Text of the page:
Together, these are five horizontal enablers that can help generate a pipeline of digital trade and investment-ready domestic firms, capable of plugging into DVCs and attracting digital FDI (Zhan and Meloni, 2021). Importantly, policy makers may need to provide additional support to certain groups for them to develop sufficient capacity to plug into DVCs.
The micro level: How to help create quality digital jobs that can be used to plug into digital value chains
At the micro level, policy makers can adopt six specific measures to help increase the number of quality jobs that can plug into DVCs. Having a domestic workforce with the right digital skills is also sure to attract greater digital FDI, as a right-skilled workforce was identified as the most important overall locational determinant for digital FDI when surveying investors (Stephenson, 2020). It also can help address concerns of inequality and how this can partly be addressed through new digital opportunities.
Hold public-private dialogues to identify employers’ digital-skill needs and develop “employment pacts”
Employers are best placed to determine the digital skills needed today and especially tomorrow, given the accelerating speed of technological change. Policy makers should therefore hold regular public-private dialogues to ask employers to identify the digital skills they need. Significantly, “employment pacts” can link these public-private efforts, thereby making them both more credible and more effective. Employment pacts are agreements whereby employers guarantee to provide a job if a worker acquires the requisite digital skills through certification or training. Together, this would help address the information asymmetry-based market failure between digital skills being imparted and digital skills needed to succeed in the workforce.
Incentivize digital skills and support their integration into training and curricula
The digital skills identified then need to be integrated into training and curricula, both within educational institutions and within firms, and they should especially be incentivized in corporate training. For instance, 100 percent of expenditures on training could be deducted from corporate taxes, especially training that is portable to other firms (as opposed to company-specific), thereby creating value for society and the economy beyond the firm. Broad development of digital skills is one tool that can help combat inequality, as it makes new digital opportunities realizable across society, and therefore it is in the interest of society to incentivize digital skills’ rapid and broad provision.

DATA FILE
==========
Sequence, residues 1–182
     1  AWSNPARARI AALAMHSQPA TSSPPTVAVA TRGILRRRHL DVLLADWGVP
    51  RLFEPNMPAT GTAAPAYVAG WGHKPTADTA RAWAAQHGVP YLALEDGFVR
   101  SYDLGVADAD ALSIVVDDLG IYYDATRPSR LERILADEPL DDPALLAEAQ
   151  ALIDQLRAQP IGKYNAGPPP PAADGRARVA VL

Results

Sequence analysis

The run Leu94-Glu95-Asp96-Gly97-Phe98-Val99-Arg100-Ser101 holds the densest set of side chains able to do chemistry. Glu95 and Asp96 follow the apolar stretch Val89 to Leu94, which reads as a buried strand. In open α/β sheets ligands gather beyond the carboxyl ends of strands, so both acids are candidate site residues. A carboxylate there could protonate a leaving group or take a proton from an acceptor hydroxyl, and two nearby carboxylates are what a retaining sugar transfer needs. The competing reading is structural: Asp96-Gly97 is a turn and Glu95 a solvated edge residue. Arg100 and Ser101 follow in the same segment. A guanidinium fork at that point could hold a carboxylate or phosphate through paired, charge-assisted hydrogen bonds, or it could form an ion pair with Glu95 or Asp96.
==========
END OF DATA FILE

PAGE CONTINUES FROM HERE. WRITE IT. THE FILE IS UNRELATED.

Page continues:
Adopt “light” performance requirements to support digital skills
Another way to encourage growth of digital skills is through “light” performance requirements. In other words, training a small percentage of employees in digital skills is made a condition of entry and establishment—or continued operation—by a foreign firm in the host economy (Buzdugan and Tuselmann, 2018; Cherif and Hasanov, 2019; Moran, 2015). Performance requirements are often considered ineffective because a firm would rather not enter the market than be forced to hire (or train) unqualified or low-skilled employees. However, making performance requirements “light”—in that only a small percentage of the total firm labor force is required to be trained—is not likely to dissuade investment, while it can import and impart these skills as a demonstration effect, thereby gradually being absorbed across the firm and through spillovers into the rest of the economy. In contrast, a “heavy” approach, for instance requiring all employees to receive significant digital training as condition of market entry, is likely to prove counterproductive.
Ensure a level playing field between remote and office-based employment when providing commensurate work
One of the realizations from the experience of COVID-19 is that many jobs can be done—in whole or in part—remotely. This opens up a whole new gamut of digital activities, as people provide digital services or goods through digital transactions remotely. However, the workplace—both norms and codes—may not support remote digital activities in the same way as in-person, physical activities. As a result, there should be a stocktaking to ensure that there is a level playing between remote and office-based professional activities, when the outputs are commensurate. This can create a large new potential labour pool—those who might not have joined (full or part time) the labour force but now do through working remotely—which can help the economy plug into DVCs.